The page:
One of the advantages of Twitter is that others can introduce themselves to you easily. @codrtv did that just the other day and I have to say I am very appreciative. This site is real coders talking about real code but they want you to love it and understand it as much as they do. It is also a very real way of using the internet to reach out to others and make themselves known. Currently they are working on the 7 Habits of Highly Effective Coders and the first episode is about pairing. That has such educational relevance for both teachers and students and a paradigm I have pushed on this blog. It is important to get peer review. It is important to do and share. It is important to throw your ideas and work out there and see what others think. In the end you become far more confident, competent and able to learn more effectively because the constant feedback keeps you thinking and in improvement mode. It also increases your network and so you have more resources to sustain you. My group assessment rubrics were exactly about that. Blogging and being on Twitter is always about that. This video frequently makes the point that you can be collaborating on code and embracing peer review but here are times where you just have to shut down and go into your own space and do it your own way. That is true too. There are times for learning by yourself and times for sharing and collaborating. The video also makes the point more than once that if you work collaboratively you are going to produce something far superior and more accurate than if you just work alone. Coders are working internationally because it’s about something which is high level and you work with whom you trust, who is at your level and who can help you. Codr.tv is not just about the code. It shows how coders work, think and how they approach a highly demanding task. As such it is very valuable insight into how you manage something which is very demanding learning and high level performance: the standard internet learning loop – create content, share, get feedback and improve. By having codr.tv we are now included in the loop.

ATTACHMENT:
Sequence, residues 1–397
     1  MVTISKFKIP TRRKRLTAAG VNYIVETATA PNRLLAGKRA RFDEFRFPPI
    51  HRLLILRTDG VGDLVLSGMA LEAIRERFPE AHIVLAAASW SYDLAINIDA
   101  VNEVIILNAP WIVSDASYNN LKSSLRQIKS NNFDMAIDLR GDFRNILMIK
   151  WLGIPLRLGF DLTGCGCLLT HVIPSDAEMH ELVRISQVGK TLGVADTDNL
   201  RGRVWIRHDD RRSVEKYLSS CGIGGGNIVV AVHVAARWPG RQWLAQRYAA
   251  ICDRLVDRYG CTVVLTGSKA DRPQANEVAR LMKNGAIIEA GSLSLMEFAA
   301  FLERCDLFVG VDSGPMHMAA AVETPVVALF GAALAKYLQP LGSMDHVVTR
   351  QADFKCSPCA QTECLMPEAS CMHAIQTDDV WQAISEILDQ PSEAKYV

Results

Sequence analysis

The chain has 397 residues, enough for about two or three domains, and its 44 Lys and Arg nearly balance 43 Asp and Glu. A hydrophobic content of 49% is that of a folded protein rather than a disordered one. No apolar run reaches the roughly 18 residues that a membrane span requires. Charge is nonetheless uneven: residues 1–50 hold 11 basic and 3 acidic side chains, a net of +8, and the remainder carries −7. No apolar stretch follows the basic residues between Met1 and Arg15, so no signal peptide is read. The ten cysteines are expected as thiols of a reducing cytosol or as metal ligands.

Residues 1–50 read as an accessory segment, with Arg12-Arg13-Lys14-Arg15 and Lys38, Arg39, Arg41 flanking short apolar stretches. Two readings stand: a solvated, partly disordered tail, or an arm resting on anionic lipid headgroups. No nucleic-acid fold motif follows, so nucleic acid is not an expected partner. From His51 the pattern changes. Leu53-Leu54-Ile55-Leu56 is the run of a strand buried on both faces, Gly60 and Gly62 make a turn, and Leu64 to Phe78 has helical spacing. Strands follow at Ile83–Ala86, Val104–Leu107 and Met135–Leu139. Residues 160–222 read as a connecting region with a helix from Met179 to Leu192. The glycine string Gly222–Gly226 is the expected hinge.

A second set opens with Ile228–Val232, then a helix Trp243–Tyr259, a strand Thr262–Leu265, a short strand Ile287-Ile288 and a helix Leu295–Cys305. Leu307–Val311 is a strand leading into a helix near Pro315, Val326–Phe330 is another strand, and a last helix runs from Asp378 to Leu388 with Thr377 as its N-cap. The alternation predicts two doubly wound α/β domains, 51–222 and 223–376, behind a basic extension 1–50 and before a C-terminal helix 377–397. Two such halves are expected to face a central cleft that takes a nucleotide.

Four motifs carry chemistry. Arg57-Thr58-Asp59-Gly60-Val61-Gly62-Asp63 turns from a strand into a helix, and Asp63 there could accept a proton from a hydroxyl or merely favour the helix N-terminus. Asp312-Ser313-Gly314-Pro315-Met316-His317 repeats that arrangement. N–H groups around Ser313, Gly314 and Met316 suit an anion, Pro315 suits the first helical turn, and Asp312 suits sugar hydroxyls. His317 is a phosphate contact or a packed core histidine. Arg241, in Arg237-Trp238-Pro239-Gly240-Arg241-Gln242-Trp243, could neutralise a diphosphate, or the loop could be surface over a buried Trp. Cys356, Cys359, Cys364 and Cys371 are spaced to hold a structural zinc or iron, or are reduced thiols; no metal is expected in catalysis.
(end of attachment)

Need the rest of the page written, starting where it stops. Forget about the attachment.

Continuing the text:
Filed under: coding, e-learning, flipped classroom, methodology, software, technology | Tagged: 7 habits of highly effective coders, coding, codr.tv, collaboration, learn code, pairing, peer review, TfEL |